In any case, the Madrid promoter is struggling to reproduce his model: “If we managed to integrate a construction company, then such a complicated operation would be very admissible in one of the large companies of the hexahedron of our size and our agility. “, he points. But the paradox is that this step, which they thought possible because of its small size, offers them many growth prospects thanks to build-to-rent, which consists of building buildings to transfer all their housing. “Profit margins are tighter and I wouldn’t dare embark on a thesis without my own construction company,” he explains. Gestilar is behind the oldest exposure announced to date, a 750-unit development in Getafe (Madrid), owned by Deutsche Bank’s benevolent investor DWS. And with the same partner or other funds like Azora or Aberdeen, you are close to the projected 2,000 units.

Build to Rent is a sector that is gaining predominance in Spain, mainly driven by investment companies. They are the owners of the buildings and the promoters build them (and sell them) on order. But beware of a last link: who then manages these rentals? Although there are already a few companies, Gestilar sees this as a business opportunity. “We don’t rule out the possibility of creating an area to run large rentals and add value to those funds that trust our work,” he says. But he adds a condition to take this step: “We need a large number of housing units in operation to be able to cover the cost of construction of this new limit.”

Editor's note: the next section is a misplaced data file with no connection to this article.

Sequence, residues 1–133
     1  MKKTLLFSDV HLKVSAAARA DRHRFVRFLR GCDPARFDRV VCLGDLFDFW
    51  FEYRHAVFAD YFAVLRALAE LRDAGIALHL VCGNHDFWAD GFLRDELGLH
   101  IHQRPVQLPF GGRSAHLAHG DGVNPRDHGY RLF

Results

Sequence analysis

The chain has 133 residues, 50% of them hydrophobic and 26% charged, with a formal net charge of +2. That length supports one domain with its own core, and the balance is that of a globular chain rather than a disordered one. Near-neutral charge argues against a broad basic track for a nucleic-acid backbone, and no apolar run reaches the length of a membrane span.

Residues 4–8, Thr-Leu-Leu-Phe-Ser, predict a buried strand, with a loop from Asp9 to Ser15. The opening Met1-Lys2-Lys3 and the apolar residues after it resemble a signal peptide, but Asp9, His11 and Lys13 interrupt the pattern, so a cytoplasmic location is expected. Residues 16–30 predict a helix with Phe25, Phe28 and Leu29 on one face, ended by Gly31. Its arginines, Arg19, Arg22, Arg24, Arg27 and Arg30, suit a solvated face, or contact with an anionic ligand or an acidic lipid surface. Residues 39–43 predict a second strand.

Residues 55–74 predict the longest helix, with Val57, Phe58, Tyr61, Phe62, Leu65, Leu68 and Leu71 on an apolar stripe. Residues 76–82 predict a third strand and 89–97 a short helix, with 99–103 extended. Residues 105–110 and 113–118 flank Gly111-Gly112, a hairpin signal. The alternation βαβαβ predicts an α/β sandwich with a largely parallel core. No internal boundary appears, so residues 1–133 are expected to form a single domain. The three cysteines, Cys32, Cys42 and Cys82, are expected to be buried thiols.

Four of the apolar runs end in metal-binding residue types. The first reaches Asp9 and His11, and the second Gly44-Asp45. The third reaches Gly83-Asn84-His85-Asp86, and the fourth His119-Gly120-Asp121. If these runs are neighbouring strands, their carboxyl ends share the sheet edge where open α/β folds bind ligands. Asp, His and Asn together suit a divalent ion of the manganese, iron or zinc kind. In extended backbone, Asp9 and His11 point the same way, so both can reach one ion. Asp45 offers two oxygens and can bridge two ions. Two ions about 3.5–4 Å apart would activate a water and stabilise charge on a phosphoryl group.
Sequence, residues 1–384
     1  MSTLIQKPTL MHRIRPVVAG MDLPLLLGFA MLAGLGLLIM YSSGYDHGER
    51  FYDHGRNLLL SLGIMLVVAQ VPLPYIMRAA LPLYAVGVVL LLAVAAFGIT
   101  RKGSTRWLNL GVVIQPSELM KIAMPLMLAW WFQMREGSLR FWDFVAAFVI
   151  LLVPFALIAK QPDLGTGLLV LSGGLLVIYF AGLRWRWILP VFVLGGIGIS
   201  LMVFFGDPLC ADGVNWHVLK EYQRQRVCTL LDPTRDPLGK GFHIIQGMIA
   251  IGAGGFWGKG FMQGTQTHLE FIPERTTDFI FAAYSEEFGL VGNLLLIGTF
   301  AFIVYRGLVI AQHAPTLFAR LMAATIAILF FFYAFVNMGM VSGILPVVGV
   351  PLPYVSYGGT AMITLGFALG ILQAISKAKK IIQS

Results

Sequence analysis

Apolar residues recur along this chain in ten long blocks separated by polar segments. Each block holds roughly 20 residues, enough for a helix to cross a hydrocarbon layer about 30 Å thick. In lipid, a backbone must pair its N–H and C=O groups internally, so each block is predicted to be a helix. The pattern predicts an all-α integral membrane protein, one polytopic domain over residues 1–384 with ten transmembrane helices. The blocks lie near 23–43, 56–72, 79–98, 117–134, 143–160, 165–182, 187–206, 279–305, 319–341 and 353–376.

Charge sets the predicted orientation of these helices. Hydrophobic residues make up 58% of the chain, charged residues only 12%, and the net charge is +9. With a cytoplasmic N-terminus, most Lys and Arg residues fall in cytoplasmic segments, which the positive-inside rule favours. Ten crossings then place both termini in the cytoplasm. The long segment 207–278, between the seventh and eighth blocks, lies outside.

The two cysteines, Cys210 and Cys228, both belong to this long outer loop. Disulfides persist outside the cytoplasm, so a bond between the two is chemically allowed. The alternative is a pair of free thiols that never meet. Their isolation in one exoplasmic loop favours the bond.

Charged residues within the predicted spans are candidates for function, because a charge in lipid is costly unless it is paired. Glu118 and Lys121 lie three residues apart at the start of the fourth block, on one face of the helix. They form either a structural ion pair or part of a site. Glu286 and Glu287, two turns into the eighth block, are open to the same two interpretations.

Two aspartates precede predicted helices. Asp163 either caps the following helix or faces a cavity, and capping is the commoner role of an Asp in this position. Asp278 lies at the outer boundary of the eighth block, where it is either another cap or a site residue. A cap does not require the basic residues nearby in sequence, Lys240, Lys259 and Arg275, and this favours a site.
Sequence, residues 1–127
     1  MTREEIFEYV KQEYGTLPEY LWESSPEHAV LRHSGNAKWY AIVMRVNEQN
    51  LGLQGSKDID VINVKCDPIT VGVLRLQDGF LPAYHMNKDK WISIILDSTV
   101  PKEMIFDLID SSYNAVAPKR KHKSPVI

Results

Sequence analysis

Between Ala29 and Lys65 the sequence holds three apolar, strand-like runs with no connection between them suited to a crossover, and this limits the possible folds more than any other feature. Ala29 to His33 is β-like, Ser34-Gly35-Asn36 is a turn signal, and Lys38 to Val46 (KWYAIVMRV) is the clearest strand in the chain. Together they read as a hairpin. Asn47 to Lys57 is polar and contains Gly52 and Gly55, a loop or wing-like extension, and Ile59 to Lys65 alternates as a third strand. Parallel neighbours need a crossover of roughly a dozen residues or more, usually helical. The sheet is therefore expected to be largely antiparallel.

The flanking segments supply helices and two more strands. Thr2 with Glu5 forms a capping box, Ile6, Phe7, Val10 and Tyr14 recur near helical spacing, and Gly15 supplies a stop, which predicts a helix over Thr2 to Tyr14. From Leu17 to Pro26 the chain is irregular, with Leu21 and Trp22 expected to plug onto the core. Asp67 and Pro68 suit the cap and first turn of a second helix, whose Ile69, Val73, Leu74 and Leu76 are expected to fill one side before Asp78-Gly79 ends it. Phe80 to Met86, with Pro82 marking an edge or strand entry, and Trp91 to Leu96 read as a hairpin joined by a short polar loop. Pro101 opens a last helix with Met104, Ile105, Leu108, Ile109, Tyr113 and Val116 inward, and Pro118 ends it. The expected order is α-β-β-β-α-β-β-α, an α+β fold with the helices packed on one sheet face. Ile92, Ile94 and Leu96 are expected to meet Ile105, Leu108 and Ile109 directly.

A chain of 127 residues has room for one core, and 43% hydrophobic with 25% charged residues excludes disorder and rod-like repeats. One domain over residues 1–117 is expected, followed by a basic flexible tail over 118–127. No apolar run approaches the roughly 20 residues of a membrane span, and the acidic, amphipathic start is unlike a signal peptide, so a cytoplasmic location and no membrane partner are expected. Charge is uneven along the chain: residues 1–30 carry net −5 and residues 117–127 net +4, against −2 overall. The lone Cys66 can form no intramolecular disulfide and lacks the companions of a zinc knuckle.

In his main area of ​​activity, classic promotion, the entrepreneur sees growth gains in new markets as well as those already known (Madrid, Galicia, Catalonia and the Balearic Islands). “We are analyzing operations in new places such as Saliente, Andalusia and the Cantabrian coast”. A movement which, according to him, will accompany the investment funds which “partly because of the land error, will start working beyond Madrid and Barcelona and on smaller projects”. The cycle has changed. “It may be that in this vicious circle of inflation and rising costs, some funds prefer to stop the pace of investment,” he says, although he adds that he continues “to be interested in the ‘Spain”.

flagship operations

Gestilar is still present in two emblematic factories in urban centers, the Judería do Cura in Vigo and the Mahou-Calderón factory in Madrid. “This type of project will no longer occur in the short or medium term and it is a privilege for us”, explains the entrepreneur. But the country is running out, and García-Valcárcel knows this is eroding its traditional market in affluent middle-class neighborhoods: “We are not present in all urban developments in Madrid, and we do not pretend to be”, a- he points out. .

Will this open a new stage? For the moment, the coordinator refuses to “relocate” completely, to disappear from the cities and to concentrate on the periphery. “Given the scarcity of space in the center, it will be unavoidable”, he says, adding that he has already thought of a plan: “We are not ruling out adapting to the environment and entering downtown, but house by house.” This means repairing and betraying apartments, “but with a large volume” of 1,000 to 1,500 apartments per year. In addition to rental management, this is another new area of ​​activity on a scale that no coordinator has tried before. But García – Valcárcel sees all its meaning in it: “I see the future in door-to-door transfers”, he is convinced, “the second-hand market in Spain is 500,000 apartments [vendidas al año] and new construction only 90,000″.

Original Spanish content